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Arthroscopy

In many areas, nonessential orthopaedic procedures that were postponed due to COVID-19 have resumed. For information:  Questions and Answers for Patients Regarding Elective Surgery and COVID-19. For patients whose procedures have not yet been rescheduled:  What to Do If Your Orthopaedic Surgery Is Postponed.

Arthroscopy is a surgical procedure that orthopaedic surgeons use to visualize and treat problems inside a joint.

The word arthroscopy comes from two Greek words, "arthro" (joint) and "skopein" (to look). The term literally means "to look within the joint."

In arthroscopic surgery, an orthopaedic surgeon makes a small incision in the patient's skin, then inserts pencil-sized instruments that contain a small lens and lighting system to magnify and illuminate the structures inside the joint. Light is transmitted through fiber optics to the end of the arthroscope that is inserted into the joint.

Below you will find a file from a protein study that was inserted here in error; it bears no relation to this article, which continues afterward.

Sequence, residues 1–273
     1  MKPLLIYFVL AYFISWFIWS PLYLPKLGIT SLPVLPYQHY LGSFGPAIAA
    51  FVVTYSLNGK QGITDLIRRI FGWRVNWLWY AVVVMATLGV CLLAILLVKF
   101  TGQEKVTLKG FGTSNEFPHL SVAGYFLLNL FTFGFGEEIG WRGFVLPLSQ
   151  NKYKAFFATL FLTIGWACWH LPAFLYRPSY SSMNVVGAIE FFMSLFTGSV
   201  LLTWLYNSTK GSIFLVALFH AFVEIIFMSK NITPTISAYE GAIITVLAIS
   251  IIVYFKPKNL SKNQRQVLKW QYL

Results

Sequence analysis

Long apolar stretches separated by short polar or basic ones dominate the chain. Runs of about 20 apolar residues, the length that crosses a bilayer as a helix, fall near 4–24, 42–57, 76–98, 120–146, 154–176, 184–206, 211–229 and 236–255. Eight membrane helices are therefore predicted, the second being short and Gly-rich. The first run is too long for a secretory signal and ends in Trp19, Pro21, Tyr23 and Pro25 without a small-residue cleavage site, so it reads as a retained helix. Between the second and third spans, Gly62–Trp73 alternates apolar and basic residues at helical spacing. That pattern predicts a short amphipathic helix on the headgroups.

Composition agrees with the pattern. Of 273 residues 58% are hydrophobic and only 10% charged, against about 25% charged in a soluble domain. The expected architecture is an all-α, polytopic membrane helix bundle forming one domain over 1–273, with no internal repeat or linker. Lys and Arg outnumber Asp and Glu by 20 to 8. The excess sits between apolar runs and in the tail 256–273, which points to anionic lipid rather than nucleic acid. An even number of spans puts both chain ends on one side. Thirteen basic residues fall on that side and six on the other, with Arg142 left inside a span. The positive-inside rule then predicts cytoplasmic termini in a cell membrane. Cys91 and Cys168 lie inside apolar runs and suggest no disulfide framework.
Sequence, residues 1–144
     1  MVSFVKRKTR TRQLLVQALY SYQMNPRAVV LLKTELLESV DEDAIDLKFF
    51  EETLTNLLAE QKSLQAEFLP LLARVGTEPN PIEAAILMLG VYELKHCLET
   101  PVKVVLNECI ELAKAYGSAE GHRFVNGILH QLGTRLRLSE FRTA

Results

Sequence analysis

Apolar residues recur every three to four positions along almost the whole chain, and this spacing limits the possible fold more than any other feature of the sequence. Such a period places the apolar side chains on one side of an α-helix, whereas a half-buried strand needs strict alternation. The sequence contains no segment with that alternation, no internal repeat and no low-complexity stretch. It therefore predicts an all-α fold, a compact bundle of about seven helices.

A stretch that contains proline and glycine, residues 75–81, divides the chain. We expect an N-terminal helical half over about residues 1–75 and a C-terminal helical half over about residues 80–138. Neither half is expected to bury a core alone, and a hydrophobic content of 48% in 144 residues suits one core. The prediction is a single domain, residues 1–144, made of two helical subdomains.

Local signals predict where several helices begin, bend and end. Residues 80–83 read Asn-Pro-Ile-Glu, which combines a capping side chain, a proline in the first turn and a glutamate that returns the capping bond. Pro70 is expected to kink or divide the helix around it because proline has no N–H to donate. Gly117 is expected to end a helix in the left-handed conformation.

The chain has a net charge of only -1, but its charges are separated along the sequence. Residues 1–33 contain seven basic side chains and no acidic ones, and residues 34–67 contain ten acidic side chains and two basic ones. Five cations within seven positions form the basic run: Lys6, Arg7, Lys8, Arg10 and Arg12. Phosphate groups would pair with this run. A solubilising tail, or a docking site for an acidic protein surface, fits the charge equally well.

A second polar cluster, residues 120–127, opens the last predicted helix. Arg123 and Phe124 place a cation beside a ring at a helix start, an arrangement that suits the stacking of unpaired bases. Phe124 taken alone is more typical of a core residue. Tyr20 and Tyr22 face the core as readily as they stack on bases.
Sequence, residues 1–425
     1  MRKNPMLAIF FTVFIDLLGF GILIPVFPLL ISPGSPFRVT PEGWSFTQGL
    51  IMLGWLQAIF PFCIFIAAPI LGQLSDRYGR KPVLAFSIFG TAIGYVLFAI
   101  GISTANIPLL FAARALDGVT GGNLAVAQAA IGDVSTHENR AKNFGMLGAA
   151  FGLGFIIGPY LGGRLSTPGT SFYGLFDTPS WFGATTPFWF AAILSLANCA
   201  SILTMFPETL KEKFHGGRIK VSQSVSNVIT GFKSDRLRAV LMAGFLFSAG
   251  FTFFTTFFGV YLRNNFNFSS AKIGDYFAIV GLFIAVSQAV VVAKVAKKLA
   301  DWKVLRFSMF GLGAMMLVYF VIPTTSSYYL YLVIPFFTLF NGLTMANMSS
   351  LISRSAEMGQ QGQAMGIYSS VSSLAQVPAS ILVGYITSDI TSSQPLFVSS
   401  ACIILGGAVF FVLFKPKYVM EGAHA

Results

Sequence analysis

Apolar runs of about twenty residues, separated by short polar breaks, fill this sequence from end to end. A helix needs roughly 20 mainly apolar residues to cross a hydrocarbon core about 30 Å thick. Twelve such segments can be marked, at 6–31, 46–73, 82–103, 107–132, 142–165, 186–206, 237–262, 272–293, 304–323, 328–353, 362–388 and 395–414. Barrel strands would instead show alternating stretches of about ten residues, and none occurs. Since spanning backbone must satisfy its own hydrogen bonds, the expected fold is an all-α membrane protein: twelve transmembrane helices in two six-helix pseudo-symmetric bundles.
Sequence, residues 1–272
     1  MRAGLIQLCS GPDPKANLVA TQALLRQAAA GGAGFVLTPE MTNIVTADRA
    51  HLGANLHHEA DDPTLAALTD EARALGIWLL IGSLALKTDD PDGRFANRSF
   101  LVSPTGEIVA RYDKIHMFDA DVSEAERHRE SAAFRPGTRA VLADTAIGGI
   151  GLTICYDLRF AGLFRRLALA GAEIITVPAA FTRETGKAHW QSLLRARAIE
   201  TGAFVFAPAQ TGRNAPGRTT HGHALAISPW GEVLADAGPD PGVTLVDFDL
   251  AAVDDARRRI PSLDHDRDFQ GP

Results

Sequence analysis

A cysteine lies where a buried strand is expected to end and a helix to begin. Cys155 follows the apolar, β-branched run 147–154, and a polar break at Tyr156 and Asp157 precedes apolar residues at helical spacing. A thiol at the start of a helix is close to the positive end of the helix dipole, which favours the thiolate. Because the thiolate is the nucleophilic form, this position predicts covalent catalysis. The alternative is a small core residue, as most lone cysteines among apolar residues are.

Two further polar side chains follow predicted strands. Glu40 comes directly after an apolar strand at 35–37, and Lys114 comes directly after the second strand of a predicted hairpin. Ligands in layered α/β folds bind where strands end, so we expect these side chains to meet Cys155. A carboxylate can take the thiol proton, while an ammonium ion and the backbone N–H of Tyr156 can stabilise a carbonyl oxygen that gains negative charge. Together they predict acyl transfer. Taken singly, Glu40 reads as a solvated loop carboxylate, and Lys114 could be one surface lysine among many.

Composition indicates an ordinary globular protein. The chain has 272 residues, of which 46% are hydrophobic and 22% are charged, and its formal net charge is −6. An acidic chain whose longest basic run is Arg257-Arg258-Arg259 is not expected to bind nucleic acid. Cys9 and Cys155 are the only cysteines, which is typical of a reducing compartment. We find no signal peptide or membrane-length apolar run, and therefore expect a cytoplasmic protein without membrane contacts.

By attaching the arthroscope to a miniature camera, the surgeon is able to see the interior of the joint through this very small incision, rather than the larger incision needed for open surgery.

arthroscope

An arthroscope is a small, thin tube that is inserted into the body.  A camera and light source are attached to the arthroscope.

The camera attached to the arthroscope displays the image of the joint on a video monitor, allowing the surgeon to look, for example, throughout the knee. This lets the surgeon see the cartilage, ligaments, and under the kneecap. The surgeon can determine the amount or type of injury and then repair or correct the problem, if it is necessary.

Arthroscopic surgery